Saturday, November 07, 2009

The Boys of Summer

My first job was in the fourth grade, as a newsboy with The Cincinnati Enquirer. For getting five new customers in early 1965, I got two tickets to see the Reds play the Chicago Cubs (I think) for the Opening Day game. Now, a lot of baseball towns have opening day games. But everyone knows that the REAL one can only take place in the city that gave the world professional baseball. Not only that, but getting tickets to the game was considered an excused absence.

So I took my Dad (hey, somebody had to drive) to old Crosley Field. I remember the smell of "red hots," the best I ever tasted. How did they make those? The organ played a mournful tune during one of the breaks, and an old man in a dark suit stood up and removed his fedora. They were playing his song, "My Old Kentucky Home."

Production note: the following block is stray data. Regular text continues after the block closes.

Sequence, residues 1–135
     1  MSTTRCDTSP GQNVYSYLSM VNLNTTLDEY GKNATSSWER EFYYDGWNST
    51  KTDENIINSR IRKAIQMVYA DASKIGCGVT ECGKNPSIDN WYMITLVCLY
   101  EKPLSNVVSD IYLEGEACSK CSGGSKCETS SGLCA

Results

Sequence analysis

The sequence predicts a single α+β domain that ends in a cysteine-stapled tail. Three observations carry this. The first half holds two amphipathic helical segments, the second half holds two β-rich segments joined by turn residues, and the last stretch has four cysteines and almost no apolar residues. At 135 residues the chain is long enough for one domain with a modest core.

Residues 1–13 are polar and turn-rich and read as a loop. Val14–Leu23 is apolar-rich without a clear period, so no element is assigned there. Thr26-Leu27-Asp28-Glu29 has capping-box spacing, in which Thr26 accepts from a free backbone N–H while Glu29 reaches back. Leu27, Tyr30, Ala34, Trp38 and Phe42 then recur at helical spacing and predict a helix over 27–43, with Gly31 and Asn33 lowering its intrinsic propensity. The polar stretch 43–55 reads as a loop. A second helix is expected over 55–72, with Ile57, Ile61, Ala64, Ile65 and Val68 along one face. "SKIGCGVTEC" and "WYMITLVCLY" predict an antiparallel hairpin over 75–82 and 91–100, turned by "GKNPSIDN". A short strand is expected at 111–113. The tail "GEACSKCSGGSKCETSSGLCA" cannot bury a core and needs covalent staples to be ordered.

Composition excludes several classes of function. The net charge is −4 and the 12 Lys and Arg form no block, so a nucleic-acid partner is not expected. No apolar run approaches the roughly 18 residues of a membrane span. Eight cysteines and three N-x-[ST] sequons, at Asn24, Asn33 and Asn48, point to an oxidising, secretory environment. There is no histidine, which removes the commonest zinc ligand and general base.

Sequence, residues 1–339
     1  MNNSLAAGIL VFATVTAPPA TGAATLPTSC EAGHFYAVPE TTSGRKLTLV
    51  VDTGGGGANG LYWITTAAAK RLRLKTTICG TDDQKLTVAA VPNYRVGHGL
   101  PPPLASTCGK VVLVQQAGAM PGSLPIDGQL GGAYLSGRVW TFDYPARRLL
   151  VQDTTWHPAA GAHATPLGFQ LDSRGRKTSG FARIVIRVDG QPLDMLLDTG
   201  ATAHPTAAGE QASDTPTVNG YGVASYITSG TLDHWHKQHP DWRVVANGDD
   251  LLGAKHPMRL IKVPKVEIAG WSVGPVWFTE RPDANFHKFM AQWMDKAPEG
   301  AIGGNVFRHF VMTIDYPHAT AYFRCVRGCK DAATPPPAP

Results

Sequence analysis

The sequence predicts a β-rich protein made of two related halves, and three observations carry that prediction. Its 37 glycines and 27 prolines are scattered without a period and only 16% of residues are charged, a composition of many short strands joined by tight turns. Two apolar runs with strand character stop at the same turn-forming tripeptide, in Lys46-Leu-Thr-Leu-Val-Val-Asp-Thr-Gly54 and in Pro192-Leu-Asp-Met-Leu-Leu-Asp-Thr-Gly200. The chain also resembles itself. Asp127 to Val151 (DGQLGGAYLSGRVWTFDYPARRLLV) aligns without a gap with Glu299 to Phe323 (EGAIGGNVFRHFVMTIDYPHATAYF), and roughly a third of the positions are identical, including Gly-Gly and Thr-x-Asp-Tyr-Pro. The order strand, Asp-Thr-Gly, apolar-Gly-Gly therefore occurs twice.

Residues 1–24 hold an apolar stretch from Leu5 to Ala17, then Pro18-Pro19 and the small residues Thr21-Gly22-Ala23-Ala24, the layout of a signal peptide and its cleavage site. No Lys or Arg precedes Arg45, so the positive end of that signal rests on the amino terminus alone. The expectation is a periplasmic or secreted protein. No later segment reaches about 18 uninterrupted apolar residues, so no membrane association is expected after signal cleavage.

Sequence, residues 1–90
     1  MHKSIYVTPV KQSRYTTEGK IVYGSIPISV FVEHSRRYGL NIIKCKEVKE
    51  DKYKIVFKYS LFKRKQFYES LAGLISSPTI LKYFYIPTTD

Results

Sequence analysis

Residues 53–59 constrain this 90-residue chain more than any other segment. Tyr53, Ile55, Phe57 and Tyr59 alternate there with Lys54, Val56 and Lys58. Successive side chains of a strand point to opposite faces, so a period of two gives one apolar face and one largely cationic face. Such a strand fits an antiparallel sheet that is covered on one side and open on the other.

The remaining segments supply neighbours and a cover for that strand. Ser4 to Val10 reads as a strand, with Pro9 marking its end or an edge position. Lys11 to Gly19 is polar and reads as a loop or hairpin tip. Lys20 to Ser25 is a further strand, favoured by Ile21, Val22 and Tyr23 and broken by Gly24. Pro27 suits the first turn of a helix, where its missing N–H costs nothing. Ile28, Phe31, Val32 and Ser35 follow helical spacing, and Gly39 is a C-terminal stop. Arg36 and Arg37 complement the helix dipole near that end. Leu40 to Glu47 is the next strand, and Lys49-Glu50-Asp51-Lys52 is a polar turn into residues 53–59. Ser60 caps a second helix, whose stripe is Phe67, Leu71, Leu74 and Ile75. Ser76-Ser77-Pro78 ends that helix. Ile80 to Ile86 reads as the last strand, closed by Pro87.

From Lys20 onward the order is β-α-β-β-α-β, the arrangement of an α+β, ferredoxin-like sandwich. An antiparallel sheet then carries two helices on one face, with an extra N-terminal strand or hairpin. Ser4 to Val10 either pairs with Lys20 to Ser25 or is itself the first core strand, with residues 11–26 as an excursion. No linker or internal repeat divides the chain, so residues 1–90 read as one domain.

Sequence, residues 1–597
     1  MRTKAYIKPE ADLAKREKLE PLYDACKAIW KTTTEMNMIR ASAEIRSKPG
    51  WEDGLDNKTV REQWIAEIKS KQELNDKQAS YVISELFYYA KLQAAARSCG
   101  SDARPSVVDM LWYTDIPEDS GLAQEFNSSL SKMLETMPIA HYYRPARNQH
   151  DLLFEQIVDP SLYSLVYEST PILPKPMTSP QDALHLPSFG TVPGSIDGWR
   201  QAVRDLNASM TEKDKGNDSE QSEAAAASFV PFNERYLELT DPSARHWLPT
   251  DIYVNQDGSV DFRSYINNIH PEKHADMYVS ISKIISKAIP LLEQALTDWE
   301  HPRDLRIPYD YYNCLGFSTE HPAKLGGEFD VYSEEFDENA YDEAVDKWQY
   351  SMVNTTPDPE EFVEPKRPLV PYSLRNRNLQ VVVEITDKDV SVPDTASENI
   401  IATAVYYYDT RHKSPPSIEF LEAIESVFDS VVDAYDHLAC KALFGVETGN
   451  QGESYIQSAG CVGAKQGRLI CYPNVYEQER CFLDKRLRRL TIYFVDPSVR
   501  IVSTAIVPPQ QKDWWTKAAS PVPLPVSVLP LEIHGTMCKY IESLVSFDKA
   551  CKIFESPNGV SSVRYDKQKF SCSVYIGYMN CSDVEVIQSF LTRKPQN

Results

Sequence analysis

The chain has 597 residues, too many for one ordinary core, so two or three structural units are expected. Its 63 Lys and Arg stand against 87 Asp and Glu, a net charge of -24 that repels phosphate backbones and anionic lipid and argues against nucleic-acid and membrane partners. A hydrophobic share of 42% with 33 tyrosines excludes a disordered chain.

I stopped following the game as closely as I once did when I moved to DC. I was never that good at it anyway. This is why I was too busy this year to pay any attention at all to the World Series. So the Yankees won again. Big deal. Another reason for New York to think it's the center of the known universe.

But over in Korea, they seem to have a different attitude toward the game. It's hard to tell exactly how, because I don't speak Korean. But if anyone out there does, I'd love to know if the commentators in this clip can explain what's going on. Peter Schiller of The Dugout Doctors calls this "the strangest thing I have ever seen in a baseball game." We've all seen plays where the pitcher accidentally hits the batter. Here's how they deal with it in Korea.


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